When I got up this morning, I had to open a new packet of the anti-histamine tablets I take every day. Wrapped around them in the box was this tightly-folded information sheet, which I have unfolded. I didn’t bother to change the photo to portrait orientation, as I doubt anyone is actually going to read it. (But if you want to, you can enlarge the photos, and incline your head.)
Two pages of closely-typed words, containing charts, ingredients, side effects, contraindications, and warnings of all kinds, as well as a disclaimer. They are inserted into the tiny carton in such a way as to make it impossible to slide out the pills without revealing the sheet around them. This got me thinking of course. Every packet of tablets we have in the house comes with a similar sheet inside. Whether Paracetamol for headaches and fevers, or Ibuprofen for muscle and joint pains, whatever type of off-the-shelf drugs bought legally in a chemist’s, shop, or supermarket, they have to contain such a sheet, apparently.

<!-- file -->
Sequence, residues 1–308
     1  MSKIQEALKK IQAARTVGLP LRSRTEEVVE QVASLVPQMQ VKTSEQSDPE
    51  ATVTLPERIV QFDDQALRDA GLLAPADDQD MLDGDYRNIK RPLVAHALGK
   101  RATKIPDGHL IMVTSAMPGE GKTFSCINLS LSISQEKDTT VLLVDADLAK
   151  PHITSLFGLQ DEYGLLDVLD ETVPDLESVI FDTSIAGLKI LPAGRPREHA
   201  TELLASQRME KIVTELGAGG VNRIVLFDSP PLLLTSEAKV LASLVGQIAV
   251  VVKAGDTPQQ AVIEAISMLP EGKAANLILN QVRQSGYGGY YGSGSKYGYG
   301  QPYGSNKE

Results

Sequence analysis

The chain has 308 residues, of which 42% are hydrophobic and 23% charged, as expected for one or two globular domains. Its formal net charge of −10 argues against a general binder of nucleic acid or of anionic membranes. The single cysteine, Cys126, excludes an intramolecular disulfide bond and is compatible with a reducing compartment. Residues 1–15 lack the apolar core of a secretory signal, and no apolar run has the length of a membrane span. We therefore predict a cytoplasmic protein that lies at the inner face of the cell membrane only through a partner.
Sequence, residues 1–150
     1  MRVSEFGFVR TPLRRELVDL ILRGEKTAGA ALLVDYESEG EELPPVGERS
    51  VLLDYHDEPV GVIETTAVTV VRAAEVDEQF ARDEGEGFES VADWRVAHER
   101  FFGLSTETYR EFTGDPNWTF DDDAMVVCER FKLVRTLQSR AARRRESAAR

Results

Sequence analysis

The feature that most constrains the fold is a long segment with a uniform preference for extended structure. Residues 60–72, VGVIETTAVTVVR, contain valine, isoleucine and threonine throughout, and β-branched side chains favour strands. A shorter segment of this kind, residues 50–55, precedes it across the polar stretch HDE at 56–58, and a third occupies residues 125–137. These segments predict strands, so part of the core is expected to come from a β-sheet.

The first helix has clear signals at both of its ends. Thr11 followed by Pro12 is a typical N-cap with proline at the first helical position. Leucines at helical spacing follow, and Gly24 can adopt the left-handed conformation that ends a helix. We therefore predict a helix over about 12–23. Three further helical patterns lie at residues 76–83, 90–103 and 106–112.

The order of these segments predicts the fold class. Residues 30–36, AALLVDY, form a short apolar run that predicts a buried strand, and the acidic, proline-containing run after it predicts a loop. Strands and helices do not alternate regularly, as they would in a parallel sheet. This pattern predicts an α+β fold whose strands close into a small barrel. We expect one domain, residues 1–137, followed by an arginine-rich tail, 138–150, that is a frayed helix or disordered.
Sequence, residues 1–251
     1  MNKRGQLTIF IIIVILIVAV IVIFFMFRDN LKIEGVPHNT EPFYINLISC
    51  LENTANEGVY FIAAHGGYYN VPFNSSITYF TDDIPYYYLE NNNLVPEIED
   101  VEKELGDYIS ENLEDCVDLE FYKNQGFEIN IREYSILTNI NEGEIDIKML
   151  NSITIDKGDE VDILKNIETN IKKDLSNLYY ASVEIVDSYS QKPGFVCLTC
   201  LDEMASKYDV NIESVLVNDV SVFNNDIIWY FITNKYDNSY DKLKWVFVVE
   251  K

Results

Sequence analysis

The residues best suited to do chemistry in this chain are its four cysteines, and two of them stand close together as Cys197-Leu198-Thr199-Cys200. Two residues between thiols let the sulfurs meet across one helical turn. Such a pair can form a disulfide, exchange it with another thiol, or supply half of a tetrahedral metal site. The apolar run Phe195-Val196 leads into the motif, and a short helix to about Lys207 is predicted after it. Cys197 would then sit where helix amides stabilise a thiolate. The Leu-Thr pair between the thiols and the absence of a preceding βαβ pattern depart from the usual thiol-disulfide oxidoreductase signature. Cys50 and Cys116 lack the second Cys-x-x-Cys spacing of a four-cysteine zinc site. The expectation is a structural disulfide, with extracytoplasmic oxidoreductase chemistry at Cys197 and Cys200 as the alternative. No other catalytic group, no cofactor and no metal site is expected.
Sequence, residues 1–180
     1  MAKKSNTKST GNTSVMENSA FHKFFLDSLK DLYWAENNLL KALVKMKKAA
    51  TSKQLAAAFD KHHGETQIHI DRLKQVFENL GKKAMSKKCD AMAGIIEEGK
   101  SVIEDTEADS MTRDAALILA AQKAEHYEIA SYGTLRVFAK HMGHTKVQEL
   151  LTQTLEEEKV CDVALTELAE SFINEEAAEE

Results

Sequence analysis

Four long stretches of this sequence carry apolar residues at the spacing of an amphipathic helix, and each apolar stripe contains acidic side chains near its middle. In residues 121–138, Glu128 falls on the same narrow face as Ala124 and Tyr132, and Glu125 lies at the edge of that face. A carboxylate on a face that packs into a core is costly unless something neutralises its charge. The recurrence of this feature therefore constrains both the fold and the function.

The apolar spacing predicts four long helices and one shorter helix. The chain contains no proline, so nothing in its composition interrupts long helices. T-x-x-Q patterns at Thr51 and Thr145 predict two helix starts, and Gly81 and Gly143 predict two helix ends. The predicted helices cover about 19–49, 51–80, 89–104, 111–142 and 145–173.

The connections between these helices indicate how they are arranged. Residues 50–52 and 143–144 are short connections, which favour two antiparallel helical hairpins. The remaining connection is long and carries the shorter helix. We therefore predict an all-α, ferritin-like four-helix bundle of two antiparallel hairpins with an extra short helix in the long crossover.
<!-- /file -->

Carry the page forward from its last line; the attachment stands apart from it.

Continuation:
Does anybody ever read them? If you have a headache or other pain, would you really be prepared to plough through all that small print before popping the pills into your mouth, in hope of relief? If you take something every day to combat an allergy, as I do, then do you need to read about all this stuff? So what if it tells you not to take all 30 tablets at once? I was never about to do that in the first place. And if I had been careless enough to let the box fall into the hands of anyone silly enough to do that, they probably wouldn’t be old enough to understand what it says anyway.
This is a monumental waste of time and expense, as well as paper and ink. No doubt driven by some obscure laws or regulations designed to absolve the seller, and the manufacturer, of any responsibility should you fail to observe any of these warnings and instructions. The packet of tablets cost less than three pounds, and will last me for a month. That’s good value, so I am not complaining about the price. But I do wonder how much of that includes the time and money spent preparing and adding those leaflets to the millions of packets of tablets sold every day.
So I am thinking aloud about why they just don’t type some simple text onto the boxes, and cut down on the images displayed on them. Then they could do away with the nonsense of these leaflets.